The News: Pure Storage, a supplier of data storage technology and services announced a series of updates to its Portworx Data Services, including general availability (GA) of Portworx Data Services, the next generation of Portworx Enterprise, and GA of Portworx Backup-as-a-service. Read the Pure Storage Press Release here.
Pure Storage Expands Portworx Portfolio to Make Kubernetes More Rewarding for Developers
Analyst Take: I anticipate that Pure Storage can expand its market presence through its new portfolio expansion, especially through the general availability of the Portworx Data Services offering developed as a Kubernetes (K8S) Database-as-a-Service (DBaaS) platform. By focusing on developer top priorities, such as the automation of the vast array of DB management and administration tasks, I believe Pure Storage is better positioned now to make further inroads with DevOps and platform teams.
Since Portworx Data Services is a Software-as-a-Service (SaaS) offering, users gain more financial flexibility by paying only for the data services they consume, including pay-as-you-go and pre-purchased hours options.
Customers can use Portworx Backup-as-a-Service to assure application and data protection through rapid recovery coupled with the improved granularity key to safeguarding data at the application level across K8S services such as Red Hat OpenShift, Amazon EKS, Google Kubernetes Engine, Microsoft Azure Kubernetes Services, and VMware Tanzu. As such, they gain application consistency for distributed databases and enabling apps to run across multiple machines.
Through the next generation of Portworx Enterprise and its support of consistent storage and data management layer that runs any K8S distribution across any cloud infrastructure, customers can run K8S in production across multi-cloud and hybrid cloud environments.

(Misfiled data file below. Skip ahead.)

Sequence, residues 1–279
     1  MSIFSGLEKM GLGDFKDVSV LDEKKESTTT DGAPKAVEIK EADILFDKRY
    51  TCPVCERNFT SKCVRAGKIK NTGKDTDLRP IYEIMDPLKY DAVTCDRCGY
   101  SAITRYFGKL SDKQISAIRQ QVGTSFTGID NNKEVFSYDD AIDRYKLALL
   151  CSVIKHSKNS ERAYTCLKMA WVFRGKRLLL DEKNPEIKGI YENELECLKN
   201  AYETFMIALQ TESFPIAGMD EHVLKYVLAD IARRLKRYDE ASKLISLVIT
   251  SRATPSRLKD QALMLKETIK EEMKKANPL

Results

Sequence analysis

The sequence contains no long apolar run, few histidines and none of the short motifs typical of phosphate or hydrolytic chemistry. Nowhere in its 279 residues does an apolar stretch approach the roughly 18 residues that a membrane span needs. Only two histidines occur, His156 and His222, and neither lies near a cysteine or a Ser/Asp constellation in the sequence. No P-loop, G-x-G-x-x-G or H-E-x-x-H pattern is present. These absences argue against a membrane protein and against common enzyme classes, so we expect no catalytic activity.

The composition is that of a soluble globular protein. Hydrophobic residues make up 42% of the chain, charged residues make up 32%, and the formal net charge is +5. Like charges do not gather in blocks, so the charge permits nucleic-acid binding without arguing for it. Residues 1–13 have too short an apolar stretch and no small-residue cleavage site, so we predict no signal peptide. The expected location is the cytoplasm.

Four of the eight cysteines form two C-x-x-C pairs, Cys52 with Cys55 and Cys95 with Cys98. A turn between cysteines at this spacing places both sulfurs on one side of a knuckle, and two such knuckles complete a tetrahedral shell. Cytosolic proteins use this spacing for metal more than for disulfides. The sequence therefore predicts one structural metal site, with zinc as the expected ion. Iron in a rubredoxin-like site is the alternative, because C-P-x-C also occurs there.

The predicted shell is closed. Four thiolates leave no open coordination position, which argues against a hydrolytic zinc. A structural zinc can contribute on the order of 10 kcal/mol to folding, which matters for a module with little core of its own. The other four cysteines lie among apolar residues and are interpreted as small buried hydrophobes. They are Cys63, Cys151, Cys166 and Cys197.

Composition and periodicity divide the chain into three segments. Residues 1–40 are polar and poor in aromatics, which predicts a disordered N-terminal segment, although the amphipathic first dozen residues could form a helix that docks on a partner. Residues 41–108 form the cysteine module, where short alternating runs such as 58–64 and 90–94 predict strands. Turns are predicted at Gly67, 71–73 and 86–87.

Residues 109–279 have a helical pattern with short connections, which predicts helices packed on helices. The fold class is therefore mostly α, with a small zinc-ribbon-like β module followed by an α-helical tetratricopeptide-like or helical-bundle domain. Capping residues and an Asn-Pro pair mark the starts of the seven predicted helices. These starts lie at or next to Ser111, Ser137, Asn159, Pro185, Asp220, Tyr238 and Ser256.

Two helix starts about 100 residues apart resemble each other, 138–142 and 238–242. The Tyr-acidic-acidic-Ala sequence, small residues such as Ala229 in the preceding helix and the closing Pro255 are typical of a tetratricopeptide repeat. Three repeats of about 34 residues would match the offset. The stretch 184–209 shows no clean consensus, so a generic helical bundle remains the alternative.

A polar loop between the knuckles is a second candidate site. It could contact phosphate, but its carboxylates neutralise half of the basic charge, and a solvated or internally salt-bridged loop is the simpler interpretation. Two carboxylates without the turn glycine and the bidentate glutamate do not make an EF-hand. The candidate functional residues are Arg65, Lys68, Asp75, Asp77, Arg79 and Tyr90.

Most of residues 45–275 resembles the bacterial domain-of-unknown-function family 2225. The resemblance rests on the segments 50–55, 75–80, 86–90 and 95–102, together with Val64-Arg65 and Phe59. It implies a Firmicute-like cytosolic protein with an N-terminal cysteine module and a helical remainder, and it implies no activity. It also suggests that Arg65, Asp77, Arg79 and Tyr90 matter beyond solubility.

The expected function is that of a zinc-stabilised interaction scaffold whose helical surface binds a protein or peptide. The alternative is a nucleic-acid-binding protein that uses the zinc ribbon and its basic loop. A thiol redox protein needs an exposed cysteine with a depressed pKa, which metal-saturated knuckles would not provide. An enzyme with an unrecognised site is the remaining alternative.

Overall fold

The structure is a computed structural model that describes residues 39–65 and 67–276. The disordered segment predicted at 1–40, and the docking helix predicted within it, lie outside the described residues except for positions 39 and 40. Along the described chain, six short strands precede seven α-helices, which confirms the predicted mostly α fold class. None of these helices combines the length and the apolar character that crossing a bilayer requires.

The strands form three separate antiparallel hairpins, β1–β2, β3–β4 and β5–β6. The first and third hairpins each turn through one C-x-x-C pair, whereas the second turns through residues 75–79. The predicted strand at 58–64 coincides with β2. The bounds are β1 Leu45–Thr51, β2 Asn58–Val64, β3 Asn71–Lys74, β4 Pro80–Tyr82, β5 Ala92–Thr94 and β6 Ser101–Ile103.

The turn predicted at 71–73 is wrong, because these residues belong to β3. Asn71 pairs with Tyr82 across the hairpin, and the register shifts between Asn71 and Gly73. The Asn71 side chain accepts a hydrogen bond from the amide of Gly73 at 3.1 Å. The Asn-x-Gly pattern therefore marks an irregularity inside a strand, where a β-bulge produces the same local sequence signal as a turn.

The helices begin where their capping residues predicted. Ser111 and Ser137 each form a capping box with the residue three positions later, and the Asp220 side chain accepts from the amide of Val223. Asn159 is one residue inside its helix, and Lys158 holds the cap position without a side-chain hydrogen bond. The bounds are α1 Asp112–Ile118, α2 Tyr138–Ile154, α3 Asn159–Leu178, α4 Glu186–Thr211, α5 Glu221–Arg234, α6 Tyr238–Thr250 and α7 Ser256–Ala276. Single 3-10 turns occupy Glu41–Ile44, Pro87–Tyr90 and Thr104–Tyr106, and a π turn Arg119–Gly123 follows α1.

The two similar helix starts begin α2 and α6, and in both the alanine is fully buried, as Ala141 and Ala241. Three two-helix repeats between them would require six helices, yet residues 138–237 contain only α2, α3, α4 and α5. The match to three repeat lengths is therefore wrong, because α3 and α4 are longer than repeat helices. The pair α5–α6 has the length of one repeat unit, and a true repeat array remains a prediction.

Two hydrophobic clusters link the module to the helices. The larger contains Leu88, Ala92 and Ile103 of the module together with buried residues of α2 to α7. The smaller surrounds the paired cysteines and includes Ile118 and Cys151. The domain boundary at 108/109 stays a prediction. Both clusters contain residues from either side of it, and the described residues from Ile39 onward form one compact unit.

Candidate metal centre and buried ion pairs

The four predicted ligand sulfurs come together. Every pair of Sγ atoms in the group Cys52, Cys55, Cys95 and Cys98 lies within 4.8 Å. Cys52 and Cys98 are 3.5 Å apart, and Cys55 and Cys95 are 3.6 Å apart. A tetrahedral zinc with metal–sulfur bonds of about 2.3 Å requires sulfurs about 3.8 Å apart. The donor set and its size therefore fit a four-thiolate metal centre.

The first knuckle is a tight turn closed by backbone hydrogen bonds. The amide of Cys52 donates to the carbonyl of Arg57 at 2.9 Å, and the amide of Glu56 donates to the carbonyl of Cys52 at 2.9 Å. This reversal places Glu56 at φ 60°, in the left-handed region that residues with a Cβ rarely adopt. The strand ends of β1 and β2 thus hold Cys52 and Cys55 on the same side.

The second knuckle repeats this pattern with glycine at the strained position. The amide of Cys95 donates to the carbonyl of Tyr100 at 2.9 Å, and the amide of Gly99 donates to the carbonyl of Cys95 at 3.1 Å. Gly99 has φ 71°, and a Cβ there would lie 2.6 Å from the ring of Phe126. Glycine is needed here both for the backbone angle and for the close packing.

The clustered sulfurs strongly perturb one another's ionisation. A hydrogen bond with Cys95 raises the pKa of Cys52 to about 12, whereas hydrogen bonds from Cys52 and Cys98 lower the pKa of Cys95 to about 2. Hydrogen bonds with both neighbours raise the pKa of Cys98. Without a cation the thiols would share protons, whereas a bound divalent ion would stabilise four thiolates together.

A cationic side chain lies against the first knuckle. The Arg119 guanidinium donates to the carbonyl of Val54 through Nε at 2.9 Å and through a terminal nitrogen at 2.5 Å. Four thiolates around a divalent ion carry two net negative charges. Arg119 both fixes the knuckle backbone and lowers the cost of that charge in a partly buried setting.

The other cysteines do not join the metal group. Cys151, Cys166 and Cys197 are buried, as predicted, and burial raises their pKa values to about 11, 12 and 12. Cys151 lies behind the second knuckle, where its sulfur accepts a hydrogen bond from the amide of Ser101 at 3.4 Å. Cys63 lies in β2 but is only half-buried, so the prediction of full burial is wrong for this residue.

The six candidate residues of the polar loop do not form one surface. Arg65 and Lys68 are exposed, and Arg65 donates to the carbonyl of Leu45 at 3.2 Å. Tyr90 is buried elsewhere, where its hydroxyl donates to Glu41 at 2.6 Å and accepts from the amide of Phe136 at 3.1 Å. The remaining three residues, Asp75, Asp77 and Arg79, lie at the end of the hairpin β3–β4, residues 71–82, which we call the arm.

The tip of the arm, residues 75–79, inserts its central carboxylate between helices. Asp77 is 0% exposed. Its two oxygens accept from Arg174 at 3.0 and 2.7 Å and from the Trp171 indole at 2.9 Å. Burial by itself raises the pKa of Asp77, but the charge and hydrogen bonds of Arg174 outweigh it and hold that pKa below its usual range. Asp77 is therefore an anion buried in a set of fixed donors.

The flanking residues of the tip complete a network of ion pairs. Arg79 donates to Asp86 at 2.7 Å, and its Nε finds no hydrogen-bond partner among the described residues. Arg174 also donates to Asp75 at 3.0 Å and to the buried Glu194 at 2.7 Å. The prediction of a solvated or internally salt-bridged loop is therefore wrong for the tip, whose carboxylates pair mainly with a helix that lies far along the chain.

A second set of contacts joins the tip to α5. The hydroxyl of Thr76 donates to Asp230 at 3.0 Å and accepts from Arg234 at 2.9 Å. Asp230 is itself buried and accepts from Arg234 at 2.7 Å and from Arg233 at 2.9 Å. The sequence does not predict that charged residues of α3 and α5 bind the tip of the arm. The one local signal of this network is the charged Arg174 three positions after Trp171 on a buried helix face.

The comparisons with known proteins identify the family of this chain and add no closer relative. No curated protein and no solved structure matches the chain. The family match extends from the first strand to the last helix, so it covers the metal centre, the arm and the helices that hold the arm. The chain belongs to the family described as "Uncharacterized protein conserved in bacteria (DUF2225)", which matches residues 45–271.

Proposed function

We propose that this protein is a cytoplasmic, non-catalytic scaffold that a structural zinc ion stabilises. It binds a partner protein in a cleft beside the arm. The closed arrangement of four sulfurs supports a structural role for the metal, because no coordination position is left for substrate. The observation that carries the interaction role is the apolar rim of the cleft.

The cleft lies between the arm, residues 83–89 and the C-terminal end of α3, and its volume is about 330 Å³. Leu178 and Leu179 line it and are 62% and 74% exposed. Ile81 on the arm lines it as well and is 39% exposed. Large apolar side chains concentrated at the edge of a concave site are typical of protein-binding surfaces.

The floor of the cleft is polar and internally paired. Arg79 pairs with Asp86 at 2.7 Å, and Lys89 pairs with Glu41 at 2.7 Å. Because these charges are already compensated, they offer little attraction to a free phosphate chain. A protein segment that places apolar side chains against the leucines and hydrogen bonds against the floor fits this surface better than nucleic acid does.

From my perspective, developers are increasing their demand for reliable data services that can optimize their application development process and value as-a-service consumption flexibility, however they assign top priority to avoiding management of DBs. Through Portworx Data Services DBaaS capabilities, organizations can automatically run managed data services across virtually any cloud on an affordable basis while also avoiding lock-in to a specific cloud service.
I expect that the five key use cases Pure Storage is emphasizing with the Portworx portfolio enhancements – multi-tenant platform-aaS with application I/O control; 5G/edge with Ipv6; lift and shift of legacy apps with K8S virtualization; unified storage overlay with Object Store Service; and hot data tier backed by high performance storage with PX-fast – can accelerate Pure Storage’s Portworx Data Services sales cycles across DevOps and platform development teams.
The new Portworx portfolio enhancements I believe provide more warrant for Pure Storage’s 2020 $370 million cash acquisition of Portworx. Overall, I see Pure Storage is now delivering the DBaaS across demanding Kubernetes application development environments that flexibly provides the balance between developer prioritization of rapid ease of use combined with elastic scaling and automated capabilities with the stringent data protection, key management, and security policies of organizations.
Disclosure: Futurum Research is a research and advisory firm that engages or has engaged in research, analysis, and advisory services with many technology companies, including those mentioned in this article. The author does not hold any equity positions with any company mentioned in this article.
Analysis and opinions expressed herein are specific to the analyst individually and data and other information that might have been provided for validation, not those of Futurum Research as a whole.
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Image Credit: Pure Storage
The original version of this article was first published on Futurum Research.
Ron is an experienced research expert and analyst, with over 20 years of experience in the digital and IT transformation markets. He is a recognized authority at tracking the evolution of and identifying the key disruptive trends within the service enablement ecosystem, including software and services, infrastructure, 5G/IoT, AI/analytics, security, cloud computing, revenue management, and regulatory issues.